BUSINESS

US businesses increased stockpiles 0.3 per cent in November as sales rose 1 per cent

01/15/2013 10:06 EST | Updated 03/17/2013 05:12 EDT
WASHINGTON - U.S. companies increased their stockpiles a steady pace in November from October, responding to a solid increase in sales.

The Commerce Department said Tuesday that business inventories grew 0.3 per cent in November, matching the October gain.

Sales rose 1 per cent in November, the best showing since a 1.2 per cent rise in September. In October, sales had fallen 0.3 per cent, reflecting in part disruptions caused by Superstorm Sandy.

More restocking leads to more factory production, which boosts economic growth. Faster restocking helped the economy grow at a 3.1 per cent annual rate from July through September.

Most economists say inventory growth has slowed from this summer, a key reason many are predicting economic growth weakened to a rate below 2 per cent in the October-December quarter.

The inventory to sales ratio has held steady since August, a sign that businesses were not expecting much growth in sales. In November, the ratio was 1.28 months. That means it would take about five weeks to exhaust stockpiles at the November sales pace.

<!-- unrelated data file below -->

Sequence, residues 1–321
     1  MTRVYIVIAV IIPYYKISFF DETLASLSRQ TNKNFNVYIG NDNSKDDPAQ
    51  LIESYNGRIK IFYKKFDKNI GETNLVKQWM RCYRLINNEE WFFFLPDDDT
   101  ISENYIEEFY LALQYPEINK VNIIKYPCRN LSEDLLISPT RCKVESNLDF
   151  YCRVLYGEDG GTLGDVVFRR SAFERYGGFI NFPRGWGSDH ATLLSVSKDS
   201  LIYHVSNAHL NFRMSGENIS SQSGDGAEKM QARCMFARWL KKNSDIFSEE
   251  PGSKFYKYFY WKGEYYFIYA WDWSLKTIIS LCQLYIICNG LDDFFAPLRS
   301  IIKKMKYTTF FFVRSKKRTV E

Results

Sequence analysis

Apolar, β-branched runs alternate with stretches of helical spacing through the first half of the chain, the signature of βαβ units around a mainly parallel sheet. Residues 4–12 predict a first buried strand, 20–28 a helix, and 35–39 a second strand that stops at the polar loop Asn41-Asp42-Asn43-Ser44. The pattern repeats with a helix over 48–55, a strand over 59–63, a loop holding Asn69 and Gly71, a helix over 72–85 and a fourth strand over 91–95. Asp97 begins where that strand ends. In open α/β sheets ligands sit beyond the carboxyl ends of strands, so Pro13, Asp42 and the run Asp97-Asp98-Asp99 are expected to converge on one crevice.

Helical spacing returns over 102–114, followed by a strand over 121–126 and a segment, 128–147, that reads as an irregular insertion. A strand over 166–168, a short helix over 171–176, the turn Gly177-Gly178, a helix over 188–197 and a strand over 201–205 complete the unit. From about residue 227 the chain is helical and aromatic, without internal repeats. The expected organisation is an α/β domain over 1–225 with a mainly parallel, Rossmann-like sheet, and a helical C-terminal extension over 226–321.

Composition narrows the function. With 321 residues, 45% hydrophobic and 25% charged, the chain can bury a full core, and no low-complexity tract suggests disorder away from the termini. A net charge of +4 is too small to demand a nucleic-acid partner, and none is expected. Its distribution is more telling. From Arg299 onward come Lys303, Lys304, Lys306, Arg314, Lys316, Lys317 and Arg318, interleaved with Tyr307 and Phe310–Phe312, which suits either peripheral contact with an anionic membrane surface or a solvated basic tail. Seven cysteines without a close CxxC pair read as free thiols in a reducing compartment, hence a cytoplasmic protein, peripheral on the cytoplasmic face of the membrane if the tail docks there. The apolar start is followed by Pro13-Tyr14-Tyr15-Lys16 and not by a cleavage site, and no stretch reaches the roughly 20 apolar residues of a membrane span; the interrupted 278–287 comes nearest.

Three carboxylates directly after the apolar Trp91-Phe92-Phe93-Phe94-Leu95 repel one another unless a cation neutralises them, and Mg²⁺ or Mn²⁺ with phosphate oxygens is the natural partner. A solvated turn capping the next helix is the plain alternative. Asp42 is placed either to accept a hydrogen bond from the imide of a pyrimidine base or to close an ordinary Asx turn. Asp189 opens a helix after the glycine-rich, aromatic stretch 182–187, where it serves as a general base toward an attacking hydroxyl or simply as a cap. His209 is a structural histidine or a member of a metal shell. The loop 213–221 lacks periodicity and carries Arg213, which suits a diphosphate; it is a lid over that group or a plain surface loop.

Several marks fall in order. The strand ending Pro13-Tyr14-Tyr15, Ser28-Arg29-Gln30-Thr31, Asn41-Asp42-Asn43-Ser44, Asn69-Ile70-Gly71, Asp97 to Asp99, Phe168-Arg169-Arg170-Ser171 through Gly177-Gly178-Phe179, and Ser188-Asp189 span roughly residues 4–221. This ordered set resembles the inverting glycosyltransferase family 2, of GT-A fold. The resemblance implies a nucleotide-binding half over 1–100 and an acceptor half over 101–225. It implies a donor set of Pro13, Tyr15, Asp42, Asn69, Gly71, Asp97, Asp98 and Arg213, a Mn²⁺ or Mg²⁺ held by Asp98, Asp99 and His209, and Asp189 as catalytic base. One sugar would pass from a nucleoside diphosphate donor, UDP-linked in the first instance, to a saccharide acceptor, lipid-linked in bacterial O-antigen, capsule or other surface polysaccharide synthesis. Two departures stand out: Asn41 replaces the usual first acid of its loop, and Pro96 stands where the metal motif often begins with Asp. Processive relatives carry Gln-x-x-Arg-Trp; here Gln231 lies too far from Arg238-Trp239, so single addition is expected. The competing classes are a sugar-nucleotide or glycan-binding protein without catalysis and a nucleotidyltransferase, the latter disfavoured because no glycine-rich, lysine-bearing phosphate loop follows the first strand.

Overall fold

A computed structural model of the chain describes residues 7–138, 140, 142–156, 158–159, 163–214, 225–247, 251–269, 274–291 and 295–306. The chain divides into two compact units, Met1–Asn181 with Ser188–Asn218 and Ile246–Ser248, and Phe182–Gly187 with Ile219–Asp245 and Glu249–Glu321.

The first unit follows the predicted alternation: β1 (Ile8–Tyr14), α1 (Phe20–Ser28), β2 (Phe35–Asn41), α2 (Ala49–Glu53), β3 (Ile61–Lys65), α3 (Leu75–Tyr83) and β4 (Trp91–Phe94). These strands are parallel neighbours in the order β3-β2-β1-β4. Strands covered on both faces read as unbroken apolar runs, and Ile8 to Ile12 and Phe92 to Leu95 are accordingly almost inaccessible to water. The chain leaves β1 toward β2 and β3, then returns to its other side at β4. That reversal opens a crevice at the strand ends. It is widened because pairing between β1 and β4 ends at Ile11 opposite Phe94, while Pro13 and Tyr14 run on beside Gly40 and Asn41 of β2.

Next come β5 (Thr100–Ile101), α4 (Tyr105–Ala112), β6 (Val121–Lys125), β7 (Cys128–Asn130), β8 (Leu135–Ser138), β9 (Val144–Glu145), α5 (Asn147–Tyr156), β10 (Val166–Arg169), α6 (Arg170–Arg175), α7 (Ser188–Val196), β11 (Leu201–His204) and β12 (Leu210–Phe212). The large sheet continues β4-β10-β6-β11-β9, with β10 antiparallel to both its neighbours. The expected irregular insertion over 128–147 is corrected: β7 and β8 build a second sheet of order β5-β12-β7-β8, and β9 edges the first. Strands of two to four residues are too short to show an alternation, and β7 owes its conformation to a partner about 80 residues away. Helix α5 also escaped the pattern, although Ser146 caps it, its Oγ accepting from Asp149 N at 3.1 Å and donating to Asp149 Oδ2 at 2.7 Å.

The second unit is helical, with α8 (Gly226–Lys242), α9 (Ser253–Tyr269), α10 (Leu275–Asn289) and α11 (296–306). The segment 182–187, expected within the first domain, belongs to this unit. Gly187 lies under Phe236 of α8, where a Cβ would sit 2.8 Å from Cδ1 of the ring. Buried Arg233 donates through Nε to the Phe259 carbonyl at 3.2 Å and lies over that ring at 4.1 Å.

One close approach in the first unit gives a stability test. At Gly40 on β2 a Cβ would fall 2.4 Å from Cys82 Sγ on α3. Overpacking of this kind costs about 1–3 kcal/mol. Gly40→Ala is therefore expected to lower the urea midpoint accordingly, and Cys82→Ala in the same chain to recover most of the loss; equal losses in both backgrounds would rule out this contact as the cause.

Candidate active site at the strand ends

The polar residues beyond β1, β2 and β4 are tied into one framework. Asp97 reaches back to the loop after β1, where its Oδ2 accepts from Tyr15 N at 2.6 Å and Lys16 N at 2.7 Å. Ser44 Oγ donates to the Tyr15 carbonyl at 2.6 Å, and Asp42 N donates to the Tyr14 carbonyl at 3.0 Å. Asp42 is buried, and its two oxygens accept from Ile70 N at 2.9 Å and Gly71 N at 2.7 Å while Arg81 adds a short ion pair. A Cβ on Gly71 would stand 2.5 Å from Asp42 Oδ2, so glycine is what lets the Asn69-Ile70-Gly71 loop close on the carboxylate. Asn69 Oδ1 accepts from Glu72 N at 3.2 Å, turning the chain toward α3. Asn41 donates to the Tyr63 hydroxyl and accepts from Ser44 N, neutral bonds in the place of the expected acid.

The sales gain in November was led by a 2.3 per cent surge in demand at the wholesale level. A separate report Tuesday showed that retail sales increased again in December, rising 0.5 per cent, the best showing since September.

Total inventories rose to a seasonally adjusted $1.62 trillion in November, up 23.9 per cent from the recession low hit in September 2009.

Retail inventories rose 0.6 per cent in November, leading all categories. Wholesale stockpiles grew 0.3 per cent, while manufacturing inventories were flat.

Income growth remains weak, constraining the amount that consumers can devote to increased spending. Consumer spending drives roughly 70 per cent of economic activity.

Job growth has been steady, although unemployment is still high at 7.8 per cent. In December, employers added 155,000 jobs, roughly matching the monthly average in 2011 and 2012.

The economy has shown some signs of improvement. The once-battered housing market is recovering, which should lead to more construction jobs in the coming months. Autos sales in 2012 were the best in five years. And a gauge of U.S. service firms' business activity expanded in December by the most in nearly a year.